York & North Yorkshire

York's Clifford's Tower row rumbles on

Artist's impression of visitor centre at base of Clifford's Tower Image copyright English Heritage
Image caption English Heritage says the scheme will enhance access to the site

A campaign against plans for a visitor centre at the foot of York's Clifford's Tower has been granted permission for a further appeal.

The City of York Council approved English Heritage's £2m plans for the 13th Century tower site last October.

Permission has been granted to an independent councillor to appeal against a judicial review that found in the council's favour.

Johnny Hayes said: "It's the wrong building in the wrong place."

Campaigners had previously likened the proposed building, unveiled in January 2016, to a "toilet block"

More stories from Yorkshire

An English Heritage spokesperson added: "We are disappointed with the decision and we await details on the appeal process.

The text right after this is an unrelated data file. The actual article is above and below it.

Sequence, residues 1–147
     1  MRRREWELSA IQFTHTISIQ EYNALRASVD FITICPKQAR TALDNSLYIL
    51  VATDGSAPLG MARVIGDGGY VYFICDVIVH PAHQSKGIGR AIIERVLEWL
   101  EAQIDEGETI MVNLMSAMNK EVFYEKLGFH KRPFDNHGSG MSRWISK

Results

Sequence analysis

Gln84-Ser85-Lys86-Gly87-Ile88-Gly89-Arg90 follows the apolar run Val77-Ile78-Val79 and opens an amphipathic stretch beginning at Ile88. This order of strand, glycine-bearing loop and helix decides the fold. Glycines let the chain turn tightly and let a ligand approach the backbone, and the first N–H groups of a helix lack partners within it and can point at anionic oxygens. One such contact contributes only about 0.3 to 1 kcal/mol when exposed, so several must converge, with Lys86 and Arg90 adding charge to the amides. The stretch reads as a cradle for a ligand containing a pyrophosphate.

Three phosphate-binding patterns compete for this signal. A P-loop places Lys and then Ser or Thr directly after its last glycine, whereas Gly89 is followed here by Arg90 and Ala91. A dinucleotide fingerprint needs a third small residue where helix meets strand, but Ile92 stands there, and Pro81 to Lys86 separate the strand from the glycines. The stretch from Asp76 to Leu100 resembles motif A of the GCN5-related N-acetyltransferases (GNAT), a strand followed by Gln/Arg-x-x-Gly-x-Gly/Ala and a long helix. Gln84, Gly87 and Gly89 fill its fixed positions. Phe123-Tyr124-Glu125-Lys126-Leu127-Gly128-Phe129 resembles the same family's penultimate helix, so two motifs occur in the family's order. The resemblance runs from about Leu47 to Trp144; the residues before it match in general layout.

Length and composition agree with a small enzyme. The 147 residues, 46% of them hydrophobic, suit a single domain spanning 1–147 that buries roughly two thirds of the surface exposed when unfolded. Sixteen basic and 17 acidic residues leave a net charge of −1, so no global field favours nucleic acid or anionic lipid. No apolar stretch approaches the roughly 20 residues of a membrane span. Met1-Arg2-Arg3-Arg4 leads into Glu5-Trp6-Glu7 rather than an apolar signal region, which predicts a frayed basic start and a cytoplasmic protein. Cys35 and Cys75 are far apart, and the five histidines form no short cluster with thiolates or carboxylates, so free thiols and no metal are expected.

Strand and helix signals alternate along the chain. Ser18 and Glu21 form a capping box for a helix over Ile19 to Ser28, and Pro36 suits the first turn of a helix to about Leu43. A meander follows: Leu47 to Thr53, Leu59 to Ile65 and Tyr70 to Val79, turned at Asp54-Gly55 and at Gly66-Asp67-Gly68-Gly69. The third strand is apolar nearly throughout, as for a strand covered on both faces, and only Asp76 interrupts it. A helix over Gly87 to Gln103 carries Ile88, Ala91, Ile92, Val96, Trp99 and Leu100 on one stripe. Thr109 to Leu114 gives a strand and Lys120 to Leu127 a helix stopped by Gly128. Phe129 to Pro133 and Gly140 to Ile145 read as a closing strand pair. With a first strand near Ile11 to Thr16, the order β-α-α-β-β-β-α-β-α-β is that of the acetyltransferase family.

"We remain convinced that a visit to Clifford's Tower falls far short of what this important site deserves."

The plans include a single-storey centre at the foot of the mound on which the tower sits.

The work would reveal part of a long-buried perimeter wall and almost £500,000 would be spent conserving the tower, English Heritage said.

Its research showed few people repeat a tower visit or recommend others to visit, said the charity.

Image copyright Paul Farmer/Geograph
Image caption The tower may be named after Roger de Clifford, whose body was displayed there after execution in 1322

Mr Hayes, who represents Micklegate Ward, said he was not against a visitor centre but said the proposals would do "major harm".

Clifford's Tower is the last remaining part of York Castle and has been a shell since a fire in 1684.

In 1190 it was the site of one of the most notorious incidents in English history, when about 150 Jews died - many taking their own lives - after taking refuge there.

The tower had been besieged by a baying mob and was burned down.

The mound beneath the tower is much older, dating at least to the reign of William the Conqueror, said English Heritage.

Mr Hayes said no date had yet been set for the appeal.

Related Topics

More on this story

Related Internet links

The BBC is not responsible for the content of external Internet sites